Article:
Our current smartphones and computers use electricity to transfer information, however this technology is not perfect: electronic devices waste a lot of energy as heat; moreover, their performance speed is limited. Using photons instead of electrons to encode information is a way to overcome these limitations. Photonic devices do not heat as much, consume less energy, and work faster – while maintaining the same data transfer quality.
In order to develop photonic devices, researchers create optical systems integrated on chips. These are produced with thin waveguides – layers of dielectric with a high refractive index that localize and contain light. With a semiconductor layer added to the structure, it becomes possible to generate exciton-polaritons on such chips. Exciton-polaritons are hybrid quasiparticles that have the properties of both light and matter; using them, it is possible to conduct computations using optics instead of electronics.
However, controlling and studying such particles is not an easy task because they are trapped inside a waveguide and thus do not emit light into free space. To solve this problem, physicists are developing durable photonic structures – metasurfaces that can transfer light out of the waveguide. Typically, such metasurfaces are complex and expensive to produce. Moreover, when using these structures in experiments, scientists have to rely on special microscopes – which come with their own limitations: for instance, light has to be coupled into a sample only at a specific angle, while lengthy measurements are required to visualize the interaction between light and matter.
A solution from ITMO
ITMO physicists have suggested their own approach to studying and controlling waveguide exciton-polaritons with a solid immersion lens. With the new method, it takes only a few milliseconds to see how light interacts with matter inside a waveguide – and control the process.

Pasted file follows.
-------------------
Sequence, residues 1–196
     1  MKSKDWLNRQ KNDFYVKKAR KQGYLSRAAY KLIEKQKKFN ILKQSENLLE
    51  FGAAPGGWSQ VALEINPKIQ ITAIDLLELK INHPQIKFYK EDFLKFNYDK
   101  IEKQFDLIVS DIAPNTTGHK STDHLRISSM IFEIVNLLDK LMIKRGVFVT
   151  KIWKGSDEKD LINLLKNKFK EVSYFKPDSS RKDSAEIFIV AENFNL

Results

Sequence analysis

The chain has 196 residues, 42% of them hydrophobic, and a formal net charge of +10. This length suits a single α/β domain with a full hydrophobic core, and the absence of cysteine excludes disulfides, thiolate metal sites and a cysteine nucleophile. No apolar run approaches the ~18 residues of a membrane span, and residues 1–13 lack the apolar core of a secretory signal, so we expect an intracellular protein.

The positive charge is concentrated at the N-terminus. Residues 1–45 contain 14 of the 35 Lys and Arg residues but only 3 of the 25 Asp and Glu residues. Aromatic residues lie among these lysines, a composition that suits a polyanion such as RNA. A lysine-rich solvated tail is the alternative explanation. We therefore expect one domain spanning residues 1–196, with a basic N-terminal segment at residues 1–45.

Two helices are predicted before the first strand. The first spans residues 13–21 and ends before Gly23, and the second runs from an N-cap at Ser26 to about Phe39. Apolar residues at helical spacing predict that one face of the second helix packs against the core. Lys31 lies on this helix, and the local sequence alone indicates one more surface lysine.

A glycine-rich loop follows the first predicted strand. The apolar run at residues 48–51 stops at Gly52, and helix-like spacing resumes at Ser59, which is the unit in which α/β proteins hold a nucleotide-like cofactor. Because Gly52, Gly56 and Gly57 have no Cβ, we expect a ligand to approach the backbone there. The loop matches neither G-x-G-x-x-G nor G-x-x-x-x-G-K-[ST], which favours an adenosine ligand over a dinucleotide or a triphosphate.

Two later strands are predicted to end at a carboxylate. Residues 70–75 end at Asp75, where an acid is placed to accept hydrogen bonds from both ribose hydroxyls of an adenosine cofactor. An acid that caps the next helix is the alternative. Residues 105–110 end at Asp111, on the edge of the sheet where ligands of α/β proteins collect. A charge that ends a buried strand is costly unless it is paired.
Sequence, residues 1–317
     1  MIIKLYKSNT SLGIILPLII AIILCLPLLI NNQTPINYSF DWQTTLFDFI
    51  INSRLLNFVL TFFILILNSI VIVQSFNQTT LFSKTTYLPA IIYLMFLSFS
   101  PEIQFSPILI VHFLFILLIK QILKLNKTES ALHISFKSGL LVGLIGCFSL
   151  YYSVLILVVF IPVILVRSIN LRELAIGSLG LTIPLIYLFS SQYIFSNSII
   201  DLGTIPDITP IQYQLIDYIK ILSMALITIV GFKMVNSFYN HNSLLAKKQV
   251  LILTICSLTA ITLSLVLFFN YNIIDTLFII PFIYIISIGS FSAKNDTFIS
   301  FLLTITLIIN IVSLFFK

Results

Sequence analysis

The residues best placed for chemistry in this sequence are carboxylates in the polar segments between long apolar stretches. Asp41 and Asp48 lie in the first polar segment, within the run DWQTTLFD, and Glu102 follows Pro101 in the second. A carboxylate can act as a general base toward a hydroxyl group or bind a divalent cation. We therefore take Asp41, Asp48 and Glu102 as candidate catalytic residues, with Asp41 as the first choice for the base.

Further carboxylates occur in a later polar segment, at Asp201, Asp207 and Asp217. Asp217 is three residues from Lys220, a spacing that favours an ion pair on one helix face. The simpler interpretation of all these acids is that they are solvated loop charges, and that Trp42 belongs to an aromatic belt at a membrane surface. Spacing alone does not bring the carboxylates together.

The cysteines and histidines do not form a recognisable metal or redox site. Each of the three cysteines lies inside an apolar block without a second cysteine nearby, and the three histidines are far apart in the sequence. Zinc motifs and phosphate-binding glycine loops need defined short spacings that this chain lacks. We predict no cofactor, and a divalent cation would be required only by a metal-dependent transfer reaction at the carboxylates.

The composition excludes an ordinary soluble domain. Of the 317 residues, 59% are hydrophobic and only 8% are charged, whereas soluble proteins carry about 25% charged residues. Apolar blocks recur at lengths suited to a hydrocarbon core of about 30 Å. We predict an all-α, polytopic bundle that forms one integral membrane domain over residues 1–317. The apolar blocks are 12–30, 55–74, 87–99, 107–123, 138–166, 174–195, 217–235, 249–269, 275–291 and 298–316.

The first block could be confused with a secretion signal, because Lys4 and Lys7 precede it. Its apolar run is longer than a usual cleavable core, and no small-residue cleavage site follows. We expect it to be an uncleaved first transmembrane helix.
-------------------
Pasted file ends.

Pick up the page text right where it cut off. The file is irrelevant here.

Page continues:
This was achieved by integrating a two-dimensional semiconductor made from a tungsten disulfide (WS2) monolayer into the waveguide and using a solid immersion lens made from zinc selenide (ZnSe) with a high refractive index. These additions allowed the researchers to visualize the exciton-polaritons inside the waveguide, as well as control the coupling between light and matter by changing the distance between the flat surface of the lens and the sample.
Moreover, controlling the strength of the light-matter interaction allowed the scientists to exclude the effect of semiconductor defects on the properties of waveguide exciton-polaritons at room temperature.
The suggested method can be used to create a microscope capable of probing exciton-polaritons inside optical chips quickly and non-invasively. Such microscopes will be useful for creating and researching new photonic chip-based supercompact devices for optical information processing, including photonic computers.
“In this study, we have demonstrated a new physical effect, in which the use of exciton-polaritons inside a waveguide allowed us to decrease the effect of semiconductor defects on its optical properties. We have also shown how this effect can be controlled by changing the distance between a solid immersion lens and a waveguide. In the future, we are planning to use lenses with a higher refractive index, which will allow us to study structures that are smaller in volume and better confine light,” commented Valeriy Kondratyev, one of the paper’s authors, a PhD student at ITMO’s School of Physics and Engineering.
This project is supported by the Russian Science Foundation and the Priority 2030 program.
Reference: Valeriy Kondratyev, Dmitry Permyakov, Tatyana Ivanova, Ivan Iorsh, Dmitry Krizhanovskii, Maurice Skolnick, Vasily Kravtsov, Anton Samusev. Probing and Control of Guided Exciton–Polaritons in a 2D Semiconductor-Integrated Slab Waveguide (Nano Letters, 2023).